Collapse Into Now
In its 30 years together, R.E.M. has always operated with the understanding that it’s better to dive off the deep end in search of new directions than tread water in one spot, safely avoiding risk only to assure irrelevance.
That’s as it should be, yet the band’s adventurousness and efforts to find equilibrium after drummer Bill Berry’s departure have caused persistent murmurs that Michael Stipe, Mike Mills and Peter Buck would never equal R.E.M.’s greatest triumph: Automatic For The People – or even its prelude, Out Of Time. This, despite the fact that 2008’s Accelerate was a well-received back-to-the-future rebirth of sorts, a successful attempt to unearth the roots that made R.E.M. the unique entity it is – the band that more or less invented college rock by merging a garage aesthetic with pop sensibilities, then rose to supergroup status and, finally, the institution it is today.
For Collapse Into Now, the band decided to revisit the well of their own history, eschewing quirky explorations for songs that hark back to the Automatic era, lyrically, musically or simply in vibe, if not mood (this is a happier, more settled disc, after all; Automatic deals with Stipe’s mother’s death). They also returned to Accelerate producer Jacknife Lee, recording in New Orleans and Berlin, and overdubbing in Nashville. With support by regular sidemen Scott McCaughey and Bill Rieflin and some well-placed guests, they’ve succeeded in crafting a disc that, in Stipe’s parlance, “doesn’t suck.”
The first two cuts are rockers that could have been Accelerate outtakes. “Discoverer” revisits the Houston of that album, making the sprawling city sound positively romantic; “All The Best” contains the chorus, “let’s sing and rhyme/let’s give it one more time/let’s show the kids how to do it/fine, fine, fine.”
But it’s the third track, “Überlin,” in which you half-expect to hear Stipe sing, “Hey, kids, rock and roll.” It’s so reminiscent of Automatic’s “Drive,” but with a “Losing My Religion” feel (and Buck’s acoustic guitar subbing for “Drive’s” searing electric and “Religion”’s mandolin) and the wondrous lyrics of “Man On The Moon.” This time, Stipe sings about change, with this uplifting chorus: “I am flying on a star into a meteor tonight/I am flying on a star star star/I will make it through the day and then the day/becomes the night/I will make it through the night.”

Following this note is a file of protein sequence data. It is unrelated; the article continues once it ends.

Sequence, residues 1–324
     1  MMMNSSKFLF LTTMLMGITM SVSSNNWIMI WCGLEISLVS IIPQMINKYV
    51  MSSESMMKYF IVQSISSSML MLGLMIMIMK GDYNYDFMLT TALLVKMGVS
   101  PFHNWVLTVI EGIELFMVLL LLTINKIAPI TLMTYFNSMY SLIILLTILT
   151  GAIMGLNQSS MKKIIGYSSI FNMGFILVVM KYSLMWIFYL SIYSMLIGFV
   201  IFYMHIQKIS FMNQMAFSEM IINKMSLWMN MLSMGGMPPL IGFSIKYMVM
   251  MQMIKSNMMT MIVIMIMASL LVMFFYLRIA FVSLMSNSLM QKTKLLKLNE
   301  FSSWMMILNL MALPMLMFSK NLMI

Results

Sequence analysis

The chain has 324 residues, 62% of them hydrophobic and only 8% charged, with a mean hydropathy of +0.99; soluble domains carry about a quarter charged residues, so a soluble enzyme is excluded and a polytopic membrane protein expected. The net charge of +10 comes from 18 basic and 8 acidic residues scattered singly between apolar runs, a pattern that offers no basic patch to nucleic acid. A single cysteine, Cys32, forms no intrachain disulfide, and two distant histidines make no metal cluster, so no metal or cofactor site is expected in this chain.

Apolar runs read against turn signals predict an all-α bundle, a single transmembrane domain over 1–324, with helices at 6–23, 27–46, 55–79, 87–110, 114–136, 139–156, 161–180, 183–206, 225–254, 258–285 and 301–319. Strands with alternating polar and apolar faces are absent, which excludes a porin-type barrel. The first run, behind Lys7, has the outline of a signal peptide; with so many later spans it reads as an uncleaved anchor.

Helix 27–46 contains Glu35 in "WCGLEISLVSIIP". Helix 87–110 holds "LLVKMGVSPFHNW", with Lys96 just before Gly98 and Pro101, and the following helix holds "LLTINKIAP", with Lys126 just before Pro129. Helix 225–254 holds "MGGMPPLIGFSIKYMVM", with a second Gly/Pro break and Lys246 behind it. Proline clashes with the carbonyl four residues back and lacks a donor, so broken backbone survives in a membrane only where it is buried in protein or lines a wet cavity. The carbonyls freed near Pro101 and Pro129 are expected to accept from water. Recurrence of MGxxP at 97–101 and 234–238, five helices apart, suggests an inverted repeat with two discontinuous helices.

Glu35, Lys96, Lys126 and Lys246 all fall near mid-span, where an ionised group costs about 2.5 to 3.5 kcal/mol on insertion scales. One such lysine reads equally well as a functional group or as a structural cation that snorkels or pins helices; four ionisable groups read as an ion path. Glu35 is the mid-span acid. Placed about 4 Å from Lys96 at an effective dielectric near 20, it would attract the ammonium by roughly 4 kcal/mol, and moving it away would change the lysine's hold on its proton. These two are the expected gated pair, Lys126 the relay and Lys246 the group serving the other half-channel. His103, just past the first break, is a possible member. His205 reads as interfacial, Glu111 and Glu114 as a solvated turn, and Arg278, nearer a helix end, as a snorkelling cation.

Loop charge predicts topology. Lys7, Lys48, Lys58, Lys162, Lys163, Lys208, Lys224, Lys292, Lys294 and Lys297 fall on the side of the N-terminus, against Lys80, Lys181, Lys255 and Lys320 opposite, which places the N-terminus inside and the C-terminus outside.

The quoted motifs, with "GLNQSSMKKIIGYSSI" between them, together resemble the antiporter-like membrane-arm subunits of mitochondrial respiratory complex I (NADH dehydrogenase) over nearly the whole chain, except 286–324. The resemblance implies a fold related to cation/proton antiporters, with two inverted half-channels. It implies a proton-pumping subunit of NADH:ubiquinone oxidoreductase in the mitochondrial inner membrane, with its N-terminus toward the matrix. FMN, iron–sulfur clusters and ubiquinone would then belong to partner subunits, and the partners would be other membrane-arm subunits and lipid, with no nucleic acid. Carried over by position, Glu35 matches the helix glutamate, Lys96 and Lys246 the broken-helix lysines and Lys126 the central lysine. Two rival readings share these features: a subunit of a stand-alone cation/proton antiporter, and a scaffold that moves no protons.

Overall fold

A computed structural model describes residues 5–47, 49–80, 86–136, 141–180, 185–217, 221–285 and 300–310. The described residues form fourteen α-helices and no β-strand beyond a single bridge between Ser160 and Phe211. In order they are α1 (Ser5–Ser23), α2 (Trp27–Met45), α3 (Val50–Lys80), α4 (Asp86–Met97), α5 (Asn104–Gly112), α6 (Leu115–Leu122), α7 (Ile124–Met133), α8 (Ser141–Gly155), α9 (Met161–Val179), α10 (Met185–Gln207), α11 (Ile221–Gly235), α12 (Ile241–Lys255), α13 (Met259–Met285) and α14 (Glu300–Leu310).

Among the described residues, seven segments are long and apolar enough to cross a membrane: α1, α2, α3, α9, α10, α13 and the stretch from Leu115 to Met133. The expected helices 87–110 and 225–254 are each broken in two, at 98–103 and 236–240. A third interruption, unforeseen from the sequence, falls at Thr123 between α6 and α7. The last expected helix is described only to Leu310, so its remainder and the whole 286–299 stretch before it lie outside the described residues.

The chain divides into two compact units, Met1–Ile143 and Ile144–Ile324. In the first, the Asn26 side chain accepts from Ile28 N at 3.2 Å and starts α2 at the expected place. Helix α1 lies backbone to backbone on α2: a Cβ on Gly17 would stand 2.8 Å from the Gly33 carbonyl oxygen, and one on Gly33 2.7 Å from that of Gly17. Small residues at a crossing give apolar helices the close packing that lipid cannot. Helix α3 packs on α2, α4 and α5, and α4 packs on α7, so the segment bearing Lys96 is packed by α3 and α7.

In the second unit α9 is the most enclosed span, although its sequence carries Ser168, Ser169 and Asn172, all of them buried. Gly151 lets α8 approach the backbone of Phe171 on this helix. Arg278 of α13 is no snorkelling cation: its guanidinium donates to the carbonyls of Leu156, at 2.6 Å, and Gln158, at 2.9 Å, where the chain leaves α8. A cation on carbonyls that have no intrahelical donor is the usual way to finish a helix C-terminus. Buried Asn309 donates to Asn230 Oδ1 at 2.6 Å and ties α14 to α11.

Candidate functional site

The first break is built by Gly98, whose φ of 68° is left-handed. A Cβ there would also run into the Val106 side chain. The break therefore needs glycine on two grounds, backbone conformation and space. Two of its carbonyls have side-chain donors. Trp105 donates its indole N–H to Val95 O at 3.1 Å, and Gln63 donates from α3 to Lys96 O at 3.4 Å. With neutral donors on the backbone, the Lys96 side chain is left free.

Whether he means the change of a divisive wall falling or something else entirely is open to conjecture. That’s not the case with “Oh My Heart,” in which his soaring vocals relate his protagonist’s return to post-Katrina New Orleans over Buck’s mandolin, McCaughey’s accordion and a majestic hometown horn section.
“It Happened Today” features vocalists Joel Gibb and Eddie Vedder, whose wordless circling around Stipe’s voice (which sounds extraordinary throughout the album), lends an operatic feel. “Everyday Is Yours To Win” is a sweet and pretty pop ballad; “Mine Smells Like Honey” is another rocker with a catchy chorus and more of Mills’ high harmonies. Usually, his vocals are well-placed, except on the otherwise gorgeous ballad “Walk It Back,” which would have been stronger with Stipe soloing. But Peaches’ Kate Pierson-like contribution to “Alligator Aviator Autopilot Antimatter” makes this retro rocker even more fun (and Lenny Kaye’s guitar doesn’t hurt).
The album’s final cuts are the true stunners, though. “Me, Marlon Brando, Marlon Brando And I” is just beautiful, melodically and lyrically, elevated even further by Buck’s elegant mandolin. It’s followed by “Blue,” in which Stipe’s rapid-fire spoken-word recitation flows into Patti Smith’s swirling vocal, which builds into droning guitar and a keening “Discoverer” reprise.
If you’re wondering whether these tracks approach (or as the band contends, exceed) the power of Automatic’s move-you-to-tears “Everybody Hurts” or “Try Not To Breathe,” or its transcendent “Nightswimming” or pogo-dance-inspiring “Man On The Moon” – or whether they might make you swoon like “Fall On Me,” Stipe’s (and this writer’s) favorite R.E.M. tune – the answer is, well, maybe. Give Collapse a few listens. The potential is there.